California just passed legislation that mandates solar power for all new homes. The legislation would require home builders to either make individual homes available with solar panels or construct a shared solar power system for a group of homes. The requirement is expected to increase the cost of a home by $8,000 to $12,000.
This could mean a boom for CdTe and CIGS panel makers if they make the overall cost including installation competitive. CIGS makers who produce building-integrated photovoltaic panels (BIPV) may see an especially big business boost in California, because the overall cost including installation is greatly reduced when the panels are part of the building itself.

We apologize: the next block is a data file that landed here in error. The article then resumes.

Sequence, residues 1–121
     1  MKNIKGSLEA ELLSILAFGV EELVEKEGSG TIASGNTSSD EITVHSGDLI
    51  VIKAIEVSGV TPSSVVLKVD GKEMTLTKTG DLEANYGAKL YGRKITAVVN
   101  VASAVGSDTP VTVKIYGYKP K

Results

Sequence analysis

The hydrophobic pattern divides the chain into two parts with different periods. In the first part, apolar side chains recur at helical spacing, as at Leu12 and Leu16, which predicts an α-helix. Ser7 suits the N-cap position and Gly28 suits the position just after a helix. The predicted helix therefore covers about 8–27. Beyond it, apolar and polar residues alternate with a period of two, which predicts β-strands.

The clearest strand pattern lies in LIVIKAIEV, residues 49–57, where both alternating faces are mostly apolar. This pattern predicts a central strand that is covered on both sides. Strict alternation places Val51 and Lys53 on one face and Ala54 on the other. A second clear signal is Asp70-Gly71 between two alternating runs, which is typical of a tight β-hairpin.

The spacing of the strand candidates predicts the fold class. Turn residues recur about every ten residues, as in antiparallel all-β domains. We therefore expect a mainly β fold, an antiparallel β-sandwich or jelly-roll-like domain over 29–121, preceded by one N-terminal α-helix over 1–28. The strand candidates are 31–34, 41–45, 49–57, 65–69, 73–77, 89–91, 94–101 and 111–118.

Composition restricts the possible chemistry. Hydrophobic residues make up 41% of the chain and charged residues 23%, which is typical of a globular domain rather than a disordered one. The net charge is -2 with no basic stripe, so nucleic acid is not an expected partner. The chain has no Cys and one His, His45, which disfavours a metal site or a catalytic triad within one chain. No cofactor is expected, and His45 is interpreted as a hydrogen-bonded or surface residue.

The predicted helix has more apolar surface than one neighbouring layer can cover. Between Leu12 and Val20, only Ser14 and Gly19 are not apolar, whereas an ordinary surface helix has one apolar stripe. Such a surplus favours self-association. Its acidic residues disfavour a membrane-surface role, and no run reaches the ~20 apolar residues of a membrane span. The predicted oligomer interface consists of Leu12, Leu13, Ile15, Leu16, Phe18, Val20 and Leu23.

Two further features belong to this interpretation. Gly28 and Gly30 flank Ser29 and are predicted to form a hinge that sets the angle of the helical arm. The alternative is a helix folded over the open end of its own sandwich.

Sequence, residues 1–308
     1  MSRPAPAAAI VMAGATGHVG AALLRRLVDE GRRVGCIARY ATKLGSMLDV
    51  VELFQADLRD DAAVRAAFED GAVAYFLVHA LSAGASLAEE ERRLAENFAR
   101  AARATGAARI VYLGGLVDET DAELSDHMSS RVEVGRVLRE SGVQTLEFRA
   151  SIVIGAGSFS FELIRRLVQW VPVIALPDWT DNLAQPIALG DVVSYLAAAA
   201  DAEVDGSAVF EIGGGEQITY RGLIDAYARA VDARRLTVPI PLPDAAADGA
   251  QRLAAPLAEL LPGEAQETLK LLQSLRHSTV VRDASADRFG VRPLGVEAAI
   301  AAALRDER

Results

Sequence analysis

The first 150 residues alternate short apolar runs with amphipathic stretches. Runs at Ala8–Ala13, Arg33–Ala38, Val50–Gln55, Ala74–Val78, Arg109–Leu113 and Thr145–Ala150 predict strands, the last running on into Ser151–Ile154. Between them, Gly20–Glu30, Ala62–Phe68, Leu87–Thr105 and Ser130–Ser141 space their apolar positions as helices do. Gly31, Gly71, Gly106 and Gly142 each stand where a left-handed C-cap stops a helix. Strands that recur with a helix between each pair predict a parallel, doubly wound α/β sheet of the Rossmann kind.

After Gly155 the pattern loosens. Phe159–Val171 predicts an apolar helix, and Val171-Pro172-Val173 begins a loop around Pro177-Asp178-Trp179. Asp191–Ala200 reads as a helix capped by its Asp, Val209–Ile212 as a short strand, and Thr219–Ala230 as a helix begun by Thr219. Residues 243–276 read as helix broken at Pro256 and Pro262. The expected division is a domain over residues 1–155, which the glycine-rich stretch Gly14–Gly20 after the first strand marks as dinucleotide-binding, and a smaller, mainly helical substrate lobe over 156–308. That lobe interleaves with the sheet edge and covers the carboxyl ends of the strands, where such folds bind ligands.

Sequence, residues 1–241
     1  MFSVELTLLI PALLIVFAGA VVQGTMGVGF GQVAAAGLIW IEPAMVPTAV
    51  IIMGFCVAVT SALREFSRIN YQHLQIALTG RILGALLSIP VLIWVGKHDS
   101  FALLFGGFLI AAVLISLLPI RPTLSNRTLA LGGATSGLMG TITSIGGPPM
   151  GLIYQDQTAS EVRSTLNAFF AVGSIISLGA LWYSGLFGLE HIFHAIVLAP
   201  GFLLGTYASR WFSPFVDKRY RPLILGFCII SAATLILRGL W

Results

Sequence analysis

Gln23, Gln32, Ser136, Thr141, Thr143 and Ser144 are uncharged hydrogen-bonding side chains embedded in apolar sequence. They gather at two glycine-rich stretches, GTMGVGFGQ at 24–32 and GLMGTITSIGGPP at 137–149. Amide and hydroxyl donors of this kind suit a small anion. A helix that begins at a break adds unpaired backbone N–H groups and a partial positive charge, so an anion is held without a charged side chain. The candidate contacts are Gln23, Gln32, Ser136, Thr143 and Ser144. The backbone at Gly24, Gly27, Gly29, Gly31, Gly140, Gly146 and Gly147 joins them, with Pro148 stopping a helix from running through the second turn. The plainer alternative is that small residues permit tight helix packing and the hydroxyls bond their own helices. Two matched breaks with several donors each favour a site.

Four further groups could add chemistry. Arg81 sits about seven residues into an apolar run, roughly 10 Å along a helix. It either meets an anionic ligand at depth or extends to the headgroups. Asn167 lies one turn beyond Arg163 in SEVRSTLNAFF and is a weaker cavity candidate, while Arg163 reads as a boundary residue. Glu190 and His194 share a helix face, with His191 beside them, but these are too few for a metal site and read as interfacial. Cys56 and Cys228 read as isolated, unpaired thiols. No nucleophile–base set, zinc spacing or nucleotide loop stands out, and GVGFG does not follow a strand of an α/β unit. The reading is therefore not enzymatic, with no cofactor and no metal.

Other solar materials such as Perovskites hold some promise for low cost, but so far their reliability outdoors lags behind that of CIGS and CdTe solar. Unless some major breakthroughs are made with Perovskite reliability, makers of Perovskite-based solar will not be able to capitalize on the California law.
Multi-junction and gallium arsenide and tandem solar cells may gain some traction in the high-end home market in California, but will not get as much of a boost as CIGS. The cost for GaAs and especially for multi-junction solar is still too high per Watt produced. Concentrator solar configurations are not mentioned in the legislation and are not likely allowed for individual homes, but may be allowed for collective (shared) solar generating systems. (let me know if this is the case).